The Bamboo Cocktail reminds me of the legend of blind men describing an elephant—every bartender’s guide seems to describe this cocktail differently.

There is one thing we do know about it, and it’s the thing that makes the Bamboo important to cocktail history: the Bamboo cocktail is the classic model for combining vermouth and sherry. That odd couple of ingredients is always at the heart of this cocktail, usually appearing in equal proportions in modern recipes, but there are no hard, fast rules about what style of vermouth, or what style of sherry. The low-alcohol mix often includes one or more types of bitters, and is often garnished with lemon, orange, or an olive.

In other words, the Bamboo leaves the field wide open to the imagination; nearly every bartender, and every writer or compiler of bar manuals, has put his or her own stamp on this one.

The Bamboo Cocktail in history

Bartenders have had well over a century to tinker with the Bamboo’s vague outlines.

The earliest reference I’ve seen is from 1886, an item in the St. Paul Daily Globe. The story describes the Bamboo in very recognizable terms, as “three parts sherry and one part vermouth.” The style of sherry is unspecified, the style of vermouth is unspecified, and there is no mention of bitters, but, well, maybe that’s just the streamlined newspaper version.

William Boothby, in his 1908 The World’s Drinks and How to Mix Them, attributes the Bamboo to “Mr. Louis Eppinger, Yokohama, Japan.” Eppinger had moved from San Francisco in the early 1890s to manage the Grand Hotel in Yokohama, which David Wondrich has described as “one of those cardinal outposts of Western culture around which the amorphous, cosmopolitan mass of steamship-borne moneyed vagabonds bent their endless paths.”

It’s hard to know what to think of Boothby’s Eppinger story. On one hand, Eppinger could have invented the Bamboo long before he left San Francisco for Japan; on the other hand, the Daily Globe article, published 22 years previous to Boothby’s book, attributes the Bamboo to “an Englishman,” not to German-born Eppinger.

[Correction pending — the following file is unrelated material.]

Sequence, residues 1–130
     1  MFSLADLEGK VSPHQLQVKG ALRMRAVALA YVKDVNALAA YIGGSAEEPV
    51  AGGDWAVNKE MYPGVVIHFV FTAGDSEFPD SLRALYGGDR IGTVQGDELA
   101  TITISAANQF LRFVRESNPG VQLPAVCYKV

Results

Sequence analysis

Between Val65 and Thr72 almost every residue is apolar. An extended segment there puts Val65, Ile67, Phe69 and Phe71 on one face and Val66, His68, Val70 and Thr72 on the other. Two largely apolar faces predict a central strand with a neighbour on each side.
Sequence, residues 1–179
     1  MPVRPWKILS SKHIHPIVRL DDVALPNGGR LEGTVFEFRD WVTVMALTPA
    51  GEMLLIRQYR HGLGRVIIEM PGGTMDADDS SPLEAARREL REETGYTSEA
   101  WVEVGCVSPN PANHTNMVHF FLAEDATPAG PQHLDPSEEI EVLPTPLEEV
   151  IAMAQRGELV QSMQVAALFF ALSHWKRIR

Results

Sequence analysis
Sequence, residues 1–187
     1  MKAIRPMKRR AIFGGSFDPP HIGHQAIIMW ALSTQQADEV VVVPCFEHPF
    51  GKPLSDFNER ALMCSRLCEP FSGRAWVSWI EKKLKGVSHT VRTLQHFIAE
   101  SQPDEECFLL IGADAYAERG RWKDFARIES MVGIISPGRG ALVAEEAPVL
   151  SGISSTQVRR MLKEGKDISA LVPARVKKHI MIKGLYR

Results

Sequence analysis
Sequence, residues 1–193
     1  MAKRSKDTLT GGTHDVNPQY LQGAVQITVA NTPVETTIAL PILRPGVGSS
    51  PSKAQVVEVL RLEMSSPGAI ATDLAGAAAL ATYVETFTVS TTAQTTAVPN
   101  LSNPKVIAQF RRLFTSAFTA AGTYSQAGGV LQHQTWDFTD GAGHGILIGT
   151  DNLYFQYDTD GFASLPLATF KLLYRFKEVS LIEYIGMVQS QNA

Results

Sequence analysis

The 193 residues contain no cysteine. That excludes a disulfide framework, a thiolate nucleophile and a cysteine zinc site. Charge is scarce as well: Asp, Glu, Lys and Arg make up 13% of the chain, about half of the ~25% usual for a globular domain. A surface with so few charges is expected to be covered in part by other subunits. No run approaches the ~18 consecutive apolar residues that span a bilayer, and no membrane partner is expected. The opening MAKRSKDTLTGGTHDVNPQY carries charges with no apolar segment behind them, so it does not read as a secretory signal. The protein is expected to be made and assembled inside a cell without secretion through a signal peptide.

Another cocktail origins mystery…

Many modern writers describe the Bamboo using terms like “crisp” and “bone dry,” but pre-Prohibition tastes would likely have run to sweeter, richer formulations of the drink. Bar manuals of the era call for “dry,” “French,” or “Italian” vermouths; some specify “dry sherry,” others just “sherry.” Some call for orange bitters, some for Angostura.

The combination of  sherry and vermouth suggests that the idea of the Bamboo was to combine the herbality and spice of vermouth with the complex, salty richness of sherry. The trick has always been to find the right vermouth and the right sherry to make that happen in a sensible way.

And that’s not easy.

For example, a 1904 edition of Thomas Stuart’s Stuart’s Fancy Drinks and How to Mix Them is a little more specific about the Bamboo than the old Daily Globe article. Stuart recommends two parts sherry to one part Italian vermouth, with a dash of orange bitters.

Boothby’s 1908 version of the recipe (the one where he attributes the drink to Eppinger) introduced the concept of the equal-parts Bamboo that seems to have become the modern standard: a jigger of “French vermouth,” a jigger of sherry, two dashes of orange bitters, and two drops of Angostura bitters, a squeeze of lemon peel over the top, and an olive garnish. Still nothing to indicate the style of sherry; “French” was typically used to suggest dry vermouths. The Bamboo had evolved in fifteen or twenty years from a 3:1 sherry drink to an equal parts cocktail with bitters and citrus, and it is this Boothby model which seems to have set the pattern, however vague, for the future development of the drink.